This week’s Radar continues to pick through the aftermath of the Comprehensive Spending Review, takes a quick look at localism, and presents a couple of pieces of interesting miscellany.
As I wrote about the CSR last week, I wondered whether the relentless news coverage and scrutiny of the cuts would die away as the next footballer used both the front and back pages to negotiate a new contract. Fortunately that hasn’t happened, and the ramifications of last week’s review are still daily being picked apart on both sides of the political divide. This week’s central issue has been the government’s housing reform, with commentators vying to use the most inflammatory language to describe the possibility that cuts in housing benefits could lead to a mass exodus of poor families from major cities. Boris Johnson did his best to win the prize, outlining his opposition to “Kosovo-style social cleansing”, before being pipped to the post by Polly Toynbee, who described the potential exodus as the Tories’ “final solution for the poor”. Both subsequently backed away from their comments. Here is the, fairly unsettling, story from Inside Housing about London councils preparing to move people claiming local housing allowance to distant accommodation.
Other cuts-related comment that caught my eye this week;
- Two reports indicated that the north of England is set to be hit particularly badly by the cuts. The first is Well North of Fair from IPPR North, and the second is analysis of the review from Centre for Cities.
- Two pieces from American commentators. Dean Baker, co-director of the Centre for Economic and Policy Research in Washington, wrote in the Guardian that the UK could be about to do the rest of the world, and particularly the US, a huge favour by showing how disastrous it can be to cut your way out of recession. The second is a hilarious piece of unwanted praise for David Cameron from the incredibly hard-line ex-presidential candidate Pat Buchanan, who is so supportive of the coalition government’s austerity drive that he described Cameron as a ‘Tea Party Tory’. I read this in The Spectator, who clearly didn’t really know what to do with it, and it’s hard to imagine Cameron being too pleased at such an enthusiastic endorsement from the American far right. As an aside, reading coverage of the US midterm elections this week has brought home to me that, whatever you think about the spending cuts, we’re lucky not to live in as fractious a political climate as has been prevalent in the States over the last couple of years.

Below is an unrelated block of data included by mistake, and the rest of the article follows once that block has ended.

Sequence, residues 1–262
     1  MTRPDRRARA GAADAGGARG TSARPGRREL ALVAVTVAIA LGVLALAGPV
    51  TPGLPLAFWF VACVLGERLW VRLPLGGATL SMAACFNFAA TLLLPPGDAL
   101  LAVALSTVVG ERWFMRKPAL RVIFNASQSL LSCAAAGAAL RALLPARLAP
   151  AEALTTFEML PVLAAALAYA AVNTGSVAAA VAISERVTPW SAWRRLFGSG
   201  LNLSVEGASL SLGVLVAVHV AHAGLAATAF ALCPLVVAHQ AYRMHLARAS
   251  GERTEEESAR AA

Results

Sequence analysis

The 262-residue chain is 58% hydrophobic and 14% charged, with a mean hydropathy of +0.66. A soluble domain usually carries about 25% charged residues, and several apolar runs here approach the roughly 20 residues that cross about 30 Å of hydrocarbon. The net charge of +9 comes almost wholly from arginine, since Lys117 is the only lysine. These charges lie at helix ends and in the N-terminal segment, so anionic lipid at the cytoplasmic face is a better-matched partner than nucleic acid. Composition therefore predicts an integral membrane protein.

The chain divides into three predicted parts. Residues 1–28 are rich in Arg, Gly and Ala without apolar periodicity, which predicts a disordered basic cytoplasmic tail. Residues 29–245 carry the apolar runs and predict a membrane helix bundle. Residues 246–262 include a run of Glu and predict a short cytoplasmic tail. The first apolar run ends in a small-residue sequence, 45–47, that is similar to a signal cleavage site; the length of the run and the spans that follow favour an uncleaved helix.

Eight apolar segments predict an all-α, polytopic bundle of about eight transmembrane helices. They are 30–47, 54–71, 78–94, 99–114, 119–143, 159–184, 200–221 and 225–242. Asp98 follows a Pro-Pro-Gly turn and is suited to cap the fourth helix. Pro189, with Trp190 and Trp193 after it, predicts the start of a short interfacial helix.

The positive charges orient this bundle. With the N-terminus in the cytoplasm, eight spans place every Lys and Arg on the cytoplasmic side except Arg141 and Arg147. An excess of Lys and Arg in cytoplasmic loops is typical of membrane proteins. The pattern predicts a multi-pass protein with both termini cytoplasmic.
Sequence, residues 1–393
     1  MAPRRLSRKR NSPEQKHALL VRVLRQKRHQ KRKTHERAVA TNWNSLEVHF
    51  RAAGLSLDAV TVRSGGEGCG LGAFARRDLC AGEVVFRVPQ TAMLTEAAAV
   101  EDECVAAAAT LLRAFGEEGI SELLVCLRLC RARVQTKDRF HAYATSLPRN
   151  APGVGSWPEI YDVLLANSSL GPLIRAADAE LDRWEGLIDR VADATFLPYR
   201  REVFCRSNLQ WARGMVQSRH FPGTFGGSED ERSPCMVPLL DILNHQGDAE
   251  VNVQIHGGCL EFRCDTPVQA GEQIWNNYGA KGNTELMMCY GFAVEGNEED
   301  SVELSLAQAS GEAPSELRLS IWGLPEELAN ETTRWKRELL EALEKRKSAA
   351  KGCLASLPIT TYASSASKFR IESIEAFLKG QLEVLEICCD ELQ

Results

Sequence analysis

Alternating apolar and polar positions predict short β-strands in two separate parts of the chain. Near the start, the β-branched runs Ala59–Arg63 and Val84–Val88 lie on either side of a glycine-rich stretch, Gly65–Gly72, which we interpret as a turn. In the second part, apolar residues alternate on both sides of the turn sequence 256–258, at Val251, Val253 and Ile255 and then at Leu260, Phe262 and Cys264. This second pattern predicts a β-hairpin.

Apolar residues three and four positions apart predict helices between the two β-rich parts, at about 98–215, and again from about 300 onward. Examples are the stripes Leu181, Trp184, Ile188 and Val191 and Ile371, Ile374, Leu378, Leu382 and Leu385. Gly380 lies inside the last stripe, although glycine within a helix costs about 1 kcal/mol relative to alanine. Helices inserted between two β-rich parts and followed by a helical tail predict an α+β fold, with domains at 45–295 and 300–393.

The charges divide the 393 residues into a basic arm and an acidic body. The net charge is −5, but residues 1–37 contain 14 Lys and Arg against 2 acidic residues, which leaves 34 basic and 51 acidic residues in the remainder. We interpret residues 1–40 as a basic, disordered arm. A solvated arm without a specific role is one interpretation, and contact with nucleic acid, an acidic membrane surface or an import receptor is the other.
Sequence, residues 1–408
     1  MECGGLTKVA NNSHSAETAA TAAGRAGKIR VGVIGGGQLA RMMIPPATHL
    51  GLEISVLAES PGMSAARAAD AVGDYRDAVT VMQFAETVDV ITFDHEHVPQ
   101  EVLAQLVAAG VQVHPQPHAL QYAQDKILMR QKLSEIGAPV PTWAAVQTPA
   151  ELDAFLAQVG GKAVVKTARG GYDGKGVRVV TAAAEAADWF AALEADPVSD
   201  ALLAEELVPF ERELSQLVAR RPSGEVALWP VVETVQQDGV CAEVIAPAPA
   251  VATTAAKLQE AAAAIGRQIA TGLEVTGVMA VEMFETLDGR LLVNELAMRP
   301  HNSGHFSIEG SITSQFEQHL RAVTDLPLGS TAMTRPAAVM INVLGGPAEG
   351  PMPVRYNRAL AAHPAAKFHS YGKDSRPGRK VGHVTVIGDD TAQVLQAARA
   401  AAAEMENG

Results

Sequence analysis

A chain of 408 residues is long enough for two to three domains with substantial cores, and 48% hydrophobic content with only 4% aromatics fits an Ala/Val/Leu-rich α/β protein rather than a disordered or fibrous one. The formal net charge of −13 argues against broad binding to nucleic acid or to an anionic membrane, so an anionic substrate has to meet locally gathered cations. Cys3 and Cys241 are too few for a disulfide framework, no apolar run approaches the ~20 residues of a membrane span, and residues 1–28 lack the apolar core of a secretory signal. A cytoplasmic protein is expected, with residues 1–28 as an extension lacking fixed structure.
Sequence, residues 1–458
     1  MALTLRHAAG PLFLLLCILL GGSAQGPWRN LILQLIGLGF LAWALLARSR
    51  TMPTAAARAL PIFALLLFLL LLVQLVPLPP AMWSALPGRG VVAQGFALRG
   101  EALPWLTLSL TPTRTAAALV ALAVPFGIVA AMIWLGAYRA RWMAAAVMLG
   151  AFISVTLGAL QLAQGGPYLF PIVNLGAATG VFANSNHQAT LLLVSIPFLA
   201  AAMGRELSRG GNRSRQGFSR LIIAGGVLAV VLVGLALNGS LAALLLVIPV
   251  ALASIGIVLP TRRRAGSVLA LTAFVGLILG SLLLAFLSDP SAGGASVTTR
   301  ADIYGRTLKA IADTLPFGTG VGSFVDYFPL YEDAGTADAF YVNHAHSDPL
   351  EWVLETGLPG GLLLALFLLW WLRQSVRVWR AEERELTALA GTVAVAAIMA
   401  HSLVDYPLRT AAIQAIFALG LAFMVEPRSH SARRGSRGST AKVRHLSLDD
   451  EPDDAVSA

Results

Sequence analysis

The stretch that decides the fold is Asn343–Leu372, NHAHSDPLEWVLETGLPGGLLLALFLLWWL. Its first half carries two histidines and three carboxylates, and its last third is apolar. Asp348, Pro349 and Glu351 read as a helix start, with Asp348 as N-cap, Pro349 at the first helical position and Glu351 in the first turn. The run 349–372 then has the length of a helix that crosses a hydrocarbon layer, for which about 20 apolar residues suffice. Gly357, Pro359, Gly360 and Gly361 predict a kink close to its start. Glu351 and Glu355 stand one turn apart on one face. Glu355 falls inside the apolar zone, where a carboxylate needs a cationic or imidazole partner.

One of the apparent contradictions in coalition policy is that, while local councils are having their budgets cut significantly, the government is seemingly committed to a localism drive, with local people increasingly solving local issues. The Big Society concept, for example, relies heavily on communities and councils not relying on central government to address problems. This interest in localism will only increase in November, as the Localism Bill makes its way through parliament on the 22nd of that month. This week Julian Dobson, formerly of New Start Magazine, wrote a blog post entitled Lipservice and The Localism Bill, which questions whether the reality will match the keen rhetoric, and whether citizens will be adequately supported in addressing their local issues. Meanwhile, the colossal mess that has been the Tower Hamlets mayoral election finally stuttered to a close last week with a dubious candidate elected by a tiny minority of eligible voters, in what Julian Glover in The Guardian described as “localism at its very worst”. For Glover this raises the question; what happens when local people “get it wrong”?
And finally, a couple of pieces that don’t neatly fit elsewere;
- Rowena Lewis, who spoke so well at Vanilla’s Third Sector Women event a fortnight ago has written a blog piece welcoming the opportunity Third Sector Women offers women in the sector. Unfortunately you have to sign up to read the full post, but it’s well worth it.
- The Harvard Business Review carries a piece this week identifying how the increasingly blurred dividing lines between sectors have led to what they term ‘Non-Corporate Organisations’ (NCOs), enterprises that aim to produce a mix of value, rather than just financial.